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Director Marc Levin
Marc Levin, Sonja Sohn, Bonz Malone, Richard Stratton, Saul Williams
Stars Saul Williams, Sonja Sohn, Bonz Malone, Beau Sia
Certificate 15
Running time 1 hour 39 mins
Made US, 1997

Read The Wolf's review of "Slam"

FOR those who have ever wondered if art can effect social change, Slam comes down emphatically on the affirmative side. Cinema-verite is used to follow Raymond Joshua (U.S. poet Saul Williams) through his rounds, from the rough neighbourhoods of Washington D.C. to jail on a drugs charge where he realizes the potential of his poetic talent.

What was previously a personal pasttime becomes an urgent mode of communicating with others when Ray attempts to sidestep prisoner violence with a virtuouso performance in the prison recreation yard. Real prisoners were used for the jail scenes in which anger and bitterness are palpable. Jail marks the fork in the road for Ray, as he must decide what to do with his life when he is released on bail. Lauren (U.S. poet Sonja Sohn), having fought the odds herself, encourages him to pursue his talent for positive change, while the reaction from his neighbourhood friends is mixed.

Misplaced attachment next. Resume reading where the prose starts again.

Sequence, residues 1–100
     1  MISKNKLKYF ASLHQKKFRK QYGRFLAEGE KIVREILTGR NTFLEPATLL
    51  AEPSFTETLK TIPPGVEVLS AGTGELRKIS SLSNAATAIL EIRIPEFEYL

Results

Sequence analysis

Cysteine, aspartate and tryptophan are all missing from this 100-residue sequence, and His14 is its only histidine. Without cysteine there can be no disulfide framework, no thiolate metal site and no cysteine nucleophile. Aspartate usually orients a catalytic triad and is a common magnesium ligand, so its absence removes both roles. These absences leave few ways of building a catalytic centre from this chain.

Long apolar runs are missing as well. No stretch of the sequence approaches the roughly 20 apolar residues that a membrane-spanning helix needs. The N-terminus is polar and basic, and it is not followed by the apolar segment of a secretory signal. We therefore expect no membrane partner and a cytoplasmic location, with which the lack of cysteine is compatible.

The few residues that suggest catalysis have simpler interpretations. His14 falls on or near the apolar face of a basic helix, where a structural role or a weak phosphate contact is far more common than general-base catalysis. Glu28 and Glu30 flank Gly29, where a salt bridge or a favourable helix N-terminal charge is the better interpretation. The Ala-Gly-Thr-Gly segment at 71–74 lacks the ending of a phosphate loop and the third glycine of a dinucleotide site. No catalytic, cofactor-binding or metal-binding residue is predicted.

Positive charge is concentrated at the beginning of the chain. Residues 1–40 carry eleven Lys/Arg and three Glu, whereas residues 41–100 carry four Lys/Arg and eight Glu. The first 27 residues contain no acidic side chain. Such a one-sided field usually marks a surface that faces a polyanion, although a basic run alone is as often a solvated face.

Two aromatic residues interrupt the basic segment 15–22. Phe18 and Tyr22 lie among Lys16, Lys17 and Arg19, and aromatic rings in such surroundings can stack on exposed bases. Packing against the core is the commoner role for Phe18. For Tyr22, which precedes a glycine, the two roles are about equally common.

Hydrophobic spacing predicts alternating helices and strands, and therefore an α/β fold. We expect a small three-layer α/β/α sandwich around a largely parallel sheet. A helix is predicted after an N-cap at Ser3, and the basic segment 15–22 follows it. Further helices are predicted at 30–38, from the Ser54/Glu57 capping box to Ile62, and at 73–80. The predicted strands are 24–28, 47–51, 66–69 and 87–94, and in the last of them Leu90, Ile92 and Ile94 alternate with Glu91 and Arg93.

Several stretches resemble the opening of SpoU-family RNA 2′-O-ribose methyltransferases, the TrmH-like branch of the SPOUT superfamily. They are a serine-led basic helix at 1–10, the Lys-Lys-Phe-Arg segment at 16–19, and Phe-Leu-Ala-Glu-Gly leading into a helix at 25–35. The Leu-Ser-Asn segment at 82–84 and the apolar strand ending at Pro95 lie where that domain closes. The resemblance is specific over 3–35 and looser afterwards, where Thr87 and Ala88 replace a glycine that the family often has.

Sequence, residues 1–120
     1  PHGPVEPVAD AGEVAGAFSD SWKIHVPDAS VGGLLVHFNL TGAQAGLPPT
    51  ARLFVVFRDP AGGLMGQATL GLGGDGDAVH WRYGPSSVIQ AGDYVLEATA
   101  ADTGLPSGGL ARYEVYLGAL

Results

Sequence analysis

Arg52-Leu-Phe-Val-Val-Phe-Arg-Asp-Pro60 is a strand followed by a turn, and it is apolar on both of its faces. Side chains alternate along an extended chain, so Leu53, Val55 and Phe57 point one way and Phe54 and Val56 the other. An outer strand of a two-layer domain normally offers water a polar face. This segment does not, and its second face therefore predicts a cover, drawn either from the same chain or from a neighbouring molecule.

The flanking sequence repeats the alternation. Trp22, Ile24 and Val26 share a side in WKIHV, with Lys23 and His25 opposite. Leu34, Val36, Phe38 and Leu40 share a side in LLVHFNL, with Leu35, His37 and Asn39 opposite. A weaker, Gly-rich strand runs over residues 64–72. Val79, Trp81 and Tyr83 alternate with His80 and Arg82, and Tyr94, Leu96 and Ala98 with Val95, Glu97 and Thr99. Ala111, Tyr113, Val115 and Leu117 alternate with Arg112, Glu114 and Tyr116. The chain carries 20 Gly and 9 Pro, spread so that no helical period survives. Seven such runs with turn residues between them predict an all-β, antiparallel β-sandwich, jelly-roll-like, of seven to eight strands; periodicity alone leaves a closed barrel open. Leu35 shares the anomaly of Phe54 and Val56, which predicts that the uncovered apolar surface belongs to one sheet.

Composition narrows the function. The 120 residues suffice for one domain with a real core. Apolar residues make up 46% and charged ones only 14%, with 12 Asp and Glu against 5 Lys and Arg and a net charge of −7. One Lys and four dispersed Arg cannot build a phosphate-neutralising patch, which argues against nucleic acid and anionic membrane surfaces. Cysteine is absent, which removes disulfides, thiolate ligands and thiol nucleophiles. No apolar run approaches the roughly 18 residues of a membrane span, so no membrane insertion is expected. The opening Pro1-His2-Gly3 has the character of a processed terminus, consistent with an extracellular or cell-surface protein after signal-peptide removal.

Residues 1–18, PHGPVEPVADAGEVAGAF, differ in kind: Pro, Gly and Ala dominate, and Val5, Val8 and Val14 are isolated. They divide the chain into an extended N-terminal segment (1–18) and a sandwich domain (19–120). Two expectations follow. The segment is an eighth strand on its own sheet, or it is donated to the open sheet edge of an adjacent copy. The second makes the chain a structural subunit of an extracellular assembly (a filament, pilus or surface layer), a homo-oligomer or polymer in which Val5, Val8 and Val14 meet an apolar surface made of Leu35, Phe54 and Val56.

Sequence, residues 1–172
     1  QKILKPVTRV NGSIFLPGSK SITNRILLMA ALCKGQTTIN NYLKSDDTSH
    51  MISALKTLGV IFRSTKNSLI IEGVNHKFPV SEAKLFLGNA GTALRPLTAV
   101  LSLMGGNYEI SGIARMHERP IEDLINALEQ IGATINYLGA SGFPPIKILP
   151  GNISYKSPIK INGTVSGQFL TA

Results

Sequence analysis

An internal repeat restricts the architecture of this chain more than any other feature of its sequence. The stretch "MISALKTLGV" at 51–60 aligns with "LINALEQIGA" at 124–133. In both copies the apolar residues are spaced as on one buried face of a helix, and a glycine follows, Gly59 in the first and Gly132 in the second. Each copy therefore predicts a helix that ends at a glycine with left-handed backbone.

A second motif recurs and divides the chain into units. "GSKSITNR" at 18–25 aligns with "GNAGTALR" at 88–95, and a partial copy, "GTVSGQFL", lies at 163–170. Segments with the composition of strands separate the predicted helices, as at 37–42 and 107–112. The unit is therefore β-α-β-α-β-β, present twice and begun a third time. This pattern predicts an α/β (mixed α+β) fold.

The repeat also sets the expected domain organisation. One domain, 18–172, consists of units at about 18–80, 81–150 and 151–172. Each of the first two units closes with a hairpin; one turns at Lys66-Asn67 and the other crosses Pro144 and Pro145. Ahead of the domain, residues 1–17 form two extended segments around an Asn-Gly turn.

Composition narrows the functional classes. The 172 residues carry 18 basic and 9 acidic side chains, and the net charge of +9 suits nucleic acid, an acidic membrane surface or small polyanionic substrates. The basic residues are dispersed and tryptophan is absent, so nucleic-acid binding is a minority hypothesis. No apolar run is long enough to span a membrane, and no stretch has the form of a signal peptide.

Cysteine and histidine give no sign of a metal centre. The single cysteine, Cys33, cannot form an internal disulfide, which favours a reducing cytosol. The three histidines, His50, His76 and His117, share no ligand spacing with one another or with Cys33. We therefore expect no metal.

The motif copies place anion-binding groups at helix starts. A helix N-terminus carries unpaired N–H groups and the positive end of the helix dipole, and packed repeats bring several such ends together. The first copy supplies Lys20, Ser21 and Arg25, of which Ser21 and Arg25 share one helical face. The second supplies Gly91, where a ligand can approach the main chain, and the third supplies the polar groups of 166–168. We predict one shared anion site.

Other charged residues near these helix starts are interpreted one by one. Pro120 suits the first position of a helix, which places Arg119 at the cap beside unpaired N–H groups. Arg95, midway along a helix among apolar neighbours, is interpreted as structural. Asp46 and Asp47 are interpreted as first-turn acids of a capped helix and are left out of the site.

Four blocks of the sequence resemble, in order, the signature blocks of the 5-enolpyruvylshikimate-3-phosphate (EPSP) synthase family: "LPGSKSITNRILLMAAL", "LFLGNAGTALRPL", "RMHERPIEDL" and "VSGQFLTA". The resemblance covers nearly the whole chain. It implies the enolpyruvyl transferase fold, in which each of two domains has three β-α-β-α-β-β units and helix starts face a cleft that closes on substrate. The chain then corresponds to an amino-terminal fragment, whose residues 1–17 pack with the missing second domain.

This film is driven by a fantastic soundtrack, and dynamic camera work that avoids being too obtrusive. Williams and Sohn give incredibly raw poetry performances and much of the dialogue has an improvisational feel. Without being naive, the film is a powerful illustration of people refusing to be beaten by the system, and fighting back against poverty and racism. This isn't a fairytale where suddenly everything is made alright, but neither is it a nightmare: if the individual hasn't given up, then there's hope for the community. This message is supported by the independent poetry careers of Williams and Sohn, who are using their talent to shake things up.


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